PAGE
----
As great at the world of gaming is, it still has problems. Vulgar hostility in online gaming, poor working conditions at studios, a lack of equality across all channels, and poor character diversity are just some of the issues that plague gaming. While things have certainly improved over the years, there’s still a long ways to go.
Enter New Normative. While we don’t claim to have all the answers, we’re happy to share our opinions on the obstacles standing in the way of creating a better gaming environment.
New Normative Staff
Greg has been writing on and off about games since the late nineties, always with a focus on indie games. He started DIYGames.com in 2000, which was the first gaming site to focus exclusively on indie games. These days he runs Cliqist, and New Normative.
Nic Reuben likes to pause games every five minutes to ponder the thematic implications of explosive barrel placement. When he’s not having an existential crisis over CAPTCHA verifications that ask him to prove he’s not a robot, he’s reading sci-fi and fantasy short stories, watching cartoons, and mourning the writing standards in Game of Thrones.
Jay is a freelance games writer specialising in intersectional feminist critique, how to improve games and use them to improve the world, and cute dogs. She loves inhabiting digital spaces in all their forms, and being constantly surprised by just how weird and wonderful games can be.
Casey is a writer who has been a keen gamer since the days of the Commodore 64. He remembers well the times he used to thump its almost indestructible space-bar, something that occurred when games didn’t go his way. He is less angry these days, and prefers to probe games for their useful qualities, rather than his hardware’s ability to withstand force. When not gaming, Casey can be found appreciating heavy metal, watching movies, reading, and writing dark tales.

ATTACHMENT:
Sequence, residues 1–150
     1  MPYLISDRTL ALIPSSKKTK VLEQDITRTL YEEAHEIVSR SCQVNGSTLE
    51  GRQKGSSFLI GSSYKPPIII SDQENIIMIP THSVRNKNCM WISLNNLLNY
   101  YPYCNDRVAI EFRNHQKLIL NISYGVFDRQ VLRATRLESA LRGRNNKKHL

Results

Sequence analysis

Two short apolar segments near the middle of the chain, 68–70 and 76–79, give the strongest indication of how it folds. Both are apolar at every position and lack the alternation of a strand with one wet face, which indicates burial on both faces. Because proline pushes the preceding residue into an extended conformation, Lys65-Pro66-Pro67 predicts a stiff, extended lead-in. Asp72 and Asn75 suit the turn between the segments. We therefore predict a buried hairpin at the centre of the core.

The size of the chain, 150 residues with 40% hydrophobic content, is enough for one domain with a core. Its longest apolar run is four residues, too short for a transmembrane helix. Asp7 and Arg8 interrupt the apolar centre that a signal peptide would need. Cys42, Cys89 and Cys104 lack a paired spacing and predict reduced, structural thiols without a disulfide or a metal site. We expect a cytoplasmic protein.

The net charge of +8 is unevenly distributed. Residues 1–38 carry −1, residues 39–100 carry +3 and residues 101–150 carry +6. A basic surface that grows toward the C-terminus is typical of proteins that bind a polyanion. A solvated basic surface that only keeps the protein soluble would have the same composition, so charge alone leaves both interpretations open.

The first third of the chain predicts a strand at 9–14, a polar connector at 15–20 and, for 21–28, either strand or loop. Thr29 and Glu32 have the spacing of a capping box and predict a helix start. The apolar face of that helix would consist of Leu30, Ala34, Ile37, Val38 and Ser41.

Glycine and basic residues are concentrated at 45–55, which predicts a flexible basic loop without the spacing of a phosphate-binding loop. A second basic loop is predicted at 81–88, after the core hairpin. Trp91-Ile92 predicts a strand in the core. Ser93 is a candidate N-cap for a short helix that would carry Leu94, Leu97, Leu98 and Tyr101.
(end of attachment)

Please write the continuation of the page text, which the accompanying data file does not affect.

Celia is a games and entertainment writer with a love of media that gives a voice to unheard perspectives. She has a strong belief that fictional worlds should reflect the diversity of reality. Besides that, she just really likes dragons and swords and aliens and stuff.
Deva Marie Gregory
Deva is a fiction writer and actor who loves complex characters and dynamic storytelling. When she isn’t writing or acting, Deva can be found gaming, reading, or playing with her cats.
Jasmine Henry is a games and technology writer from the UK who has been playing video games since before she could tie her own shoelaces. She is also a serial games hoarder (thanks Steam sales!) and dreams of a day when the representation of women and minorities in games is no longer debated and is simply just the ‘norm’.
Joanna Mueller is a lifelong gamer and an aspiring novelist, which means she spends way too much time obsessing about fictional worlds. Coveting well written characters and story above all else, she hopes to shine a light on games and developers who step out of the standard mold and push boundaries. Joanna figures that if you don’t live in the world you want yet, you should get out there and make a new one.
Josh still doesn’t know what to write for these things. Should these be written in first or third person? I could go second person if I were a decent writer. Instead, you’ll just read about his love of indie games, and cheese.
Hello, I’m Nichole and I’m a 26 year old transgender woman. I’ve been gaming since I was 8 years old and currently have every major platform. You can find me on Xbox One, PS4, and the Nintendo Switch. I love co-op, souls style, roguelikes, action, western and eastern rpg games. I play a large variety of games though and I’m playing something different every week, it’d be easier to list the genres I don’t like.
Nicole is a video game and pop-culture critic with a lifelong relationship with video games and the strange tenderness that can be found within them. She is an avid collector of DS games and a reluctant collector of Amiibos. She has a strong belief that the gaming community, with some work, can become an inclusive and nurturing environment to all who seek to belong to it.
Stephanie Watson is a feminist freelance journalist and editor. She is mostly found curled up in her room working on a novel she started ten years ago, playing Fallout for the millionth time, or binge watching beauty YouTube videos.